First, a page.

Ice hockey is an intense team sport characterized by repeated bursts of fast-paced skating, rapid changes in speed and direction and frequent physical encounters. These are performed in on-ice shifts of ~30–80s interspersed with longer sequences of passive recovery, resulting in about 15–25min on-ice time per player. Nearly 50% of the distance is covered at high-intensity skating speeds and with an accentuated intense activity pattern in forwards compared to defensemen. During ice hockey match-play, both aerobic and anaerobic energy systems are significantly challenged, with the heart rate increasing toward maximum levels during each shift, and with great reliance on both glycolytic and phosphagen ATP provision. The high-intensity activity pattern favors muscle glycogen as fuel, leading to pronounced reductions despite the relatively brief playing time, including severe depletion of a substantial proportion of individual fast- and slow-twitch fibers. Player-tracking suggests that the ability to perform high-intensity skating is compromised in the final stages of a game, which is supported by post-game reductions in repeated-sprint ability. Muscle glycogen degradation, in particular in individual fibers, as well as potential dehydration and hyperthermia, may be prime candidates implicated in exacerbated fatigue during the final stages of a game, whereas multiple factors likely interact to impair exercise tolerance during each shift. This includes pronounced PCr degradation, with potential inadequate resynthesis in a proportion of fast-twitch fibers in situations of repeated intense actions. Finally, the recovery pattern is inadequately described, but seems less long-lasting than in other team sports.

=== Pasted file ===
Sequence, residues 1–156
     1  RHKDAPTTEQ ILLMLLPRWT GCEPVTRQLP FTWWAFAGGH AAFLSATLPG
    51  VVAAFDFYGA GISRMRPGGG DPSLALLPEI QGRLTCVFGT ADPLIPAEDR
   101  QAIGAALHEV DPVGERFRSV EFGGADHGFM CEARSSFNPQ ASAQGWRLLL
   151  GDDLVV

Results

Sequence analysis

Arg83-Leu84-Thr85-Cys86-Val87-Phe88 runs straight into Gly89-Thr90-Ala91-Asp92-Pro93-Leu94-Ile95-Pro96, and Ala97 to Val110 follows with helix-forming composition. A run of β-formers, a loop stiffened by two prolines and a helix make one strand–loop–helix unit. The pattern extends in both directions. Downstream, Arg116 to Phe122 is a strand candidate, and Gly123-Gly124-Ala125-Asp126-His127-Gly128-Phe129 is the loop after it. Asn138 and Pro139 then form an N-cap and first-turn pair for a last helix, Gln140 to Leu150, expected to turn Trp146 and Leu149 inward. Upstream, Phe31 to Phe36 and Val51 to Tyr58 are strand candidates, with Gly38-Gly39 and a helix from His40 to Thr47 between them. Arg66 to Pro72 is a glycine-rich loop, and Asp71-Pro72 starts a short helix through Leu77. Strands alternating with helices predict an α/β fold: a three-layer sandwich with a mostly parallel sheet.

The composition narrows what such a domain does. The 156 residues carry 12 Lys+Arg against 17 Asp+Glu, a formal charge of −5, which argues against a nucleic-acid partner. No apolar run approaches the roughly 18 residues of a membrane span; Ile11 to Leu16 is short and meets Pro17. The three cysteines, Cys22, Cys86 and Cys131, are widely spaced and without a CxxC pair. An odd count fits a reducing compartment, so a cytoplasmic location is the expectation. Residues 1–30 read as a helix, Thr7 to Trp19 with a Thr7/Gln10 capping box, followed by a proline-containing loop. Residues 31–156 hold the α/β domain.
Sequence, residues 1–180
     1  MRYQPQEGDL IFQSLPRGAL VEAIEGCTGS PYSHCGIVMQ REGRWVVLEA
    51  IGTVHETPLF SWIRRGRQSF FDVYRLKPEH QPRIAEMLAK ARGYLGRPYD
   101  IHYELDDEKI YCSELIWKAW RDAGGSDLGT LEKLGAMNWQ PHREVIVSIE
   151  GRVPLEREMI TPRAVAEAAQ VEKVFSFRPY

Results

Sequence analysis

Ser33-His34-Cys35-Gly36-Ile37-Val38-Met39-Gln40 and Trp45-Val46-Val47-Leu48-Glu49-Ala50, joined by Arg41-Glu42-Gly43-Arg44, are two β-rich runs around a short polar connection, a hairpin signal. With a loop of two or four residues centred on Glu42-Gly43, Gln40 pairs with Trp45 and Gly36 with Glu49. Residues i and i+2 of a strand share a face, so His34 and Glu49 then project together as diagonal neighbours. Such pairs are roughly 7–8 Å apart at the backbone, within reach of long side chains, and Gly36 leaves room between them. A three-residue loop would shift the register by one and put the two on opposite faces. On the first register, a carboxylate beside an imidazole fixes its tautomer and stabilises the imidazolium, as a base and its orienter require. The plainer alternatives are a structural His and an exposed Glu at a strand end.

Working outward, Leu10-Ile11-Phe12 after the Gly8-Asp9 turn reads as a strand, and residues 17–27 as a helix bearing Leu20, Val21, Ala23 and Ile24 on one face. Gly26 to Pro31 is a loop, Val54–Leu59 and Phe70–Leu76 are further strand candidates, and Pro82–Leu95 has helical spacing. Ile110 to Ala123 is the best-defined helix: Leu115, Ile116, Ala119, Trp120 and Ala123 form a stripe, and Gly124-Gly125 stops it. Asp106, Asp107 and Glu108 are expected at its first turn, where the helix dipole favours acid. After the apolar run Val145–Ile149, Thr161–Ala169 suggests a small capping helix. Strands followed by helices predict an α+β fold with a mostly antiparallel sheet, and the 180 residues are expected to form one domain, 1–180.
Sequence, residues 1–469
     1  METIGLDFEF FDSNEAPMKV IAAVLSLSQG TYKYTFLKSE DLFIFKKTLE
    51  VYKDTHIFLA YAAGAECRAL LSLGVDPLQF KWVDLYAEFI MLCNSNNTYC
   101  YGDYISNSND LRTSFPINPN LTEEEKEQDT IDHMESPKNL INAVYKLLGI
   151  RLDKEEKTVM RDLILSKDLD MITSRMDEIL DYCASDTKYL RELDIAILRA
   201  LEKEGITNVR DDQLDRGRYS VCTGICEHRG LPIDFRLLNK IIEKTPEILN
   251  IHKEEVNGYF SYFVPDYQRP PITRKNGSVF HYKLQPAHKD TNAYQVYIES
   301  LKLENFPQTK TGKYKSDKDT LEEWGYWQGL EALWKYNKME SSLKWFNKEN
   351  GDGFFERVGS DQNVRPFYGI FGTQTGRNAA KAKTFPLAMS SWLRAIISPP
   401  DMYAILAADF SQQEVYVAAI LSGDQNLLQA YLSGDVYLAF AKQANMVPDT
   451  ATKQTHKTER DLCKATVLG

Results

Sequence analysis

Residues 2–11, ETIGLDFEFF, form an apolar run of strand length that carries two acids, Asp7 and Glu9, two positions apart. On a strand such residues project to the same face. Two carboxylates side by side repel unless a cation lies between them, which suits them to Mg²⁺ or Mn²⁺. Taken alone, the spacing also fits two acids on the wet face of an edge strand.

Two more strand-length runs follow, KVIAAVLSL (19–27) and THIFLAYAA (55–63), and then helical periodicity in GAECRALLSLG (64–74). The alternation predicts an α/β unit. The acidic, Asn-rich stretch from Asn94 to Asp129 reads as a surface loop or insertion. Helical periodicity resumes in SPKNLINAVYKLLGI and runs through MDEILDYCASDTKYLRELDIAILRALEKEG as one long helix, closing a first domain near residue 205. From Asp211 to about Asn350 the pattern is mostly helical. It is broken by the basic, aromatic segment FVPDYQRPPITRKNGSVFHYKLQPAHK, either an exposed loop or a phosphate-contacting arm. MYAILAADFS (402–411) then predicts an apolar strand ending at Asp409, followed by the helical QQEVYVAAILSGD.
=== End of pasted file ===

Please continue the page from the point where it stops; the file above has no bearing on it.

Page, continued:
|Number of pages||14|
|Journal||Scandinavian Journal of Medicine & Science in Sports|
|Publication status||Published - 14 Dec 2022|
- high-intensity exercise
- muscle metabolism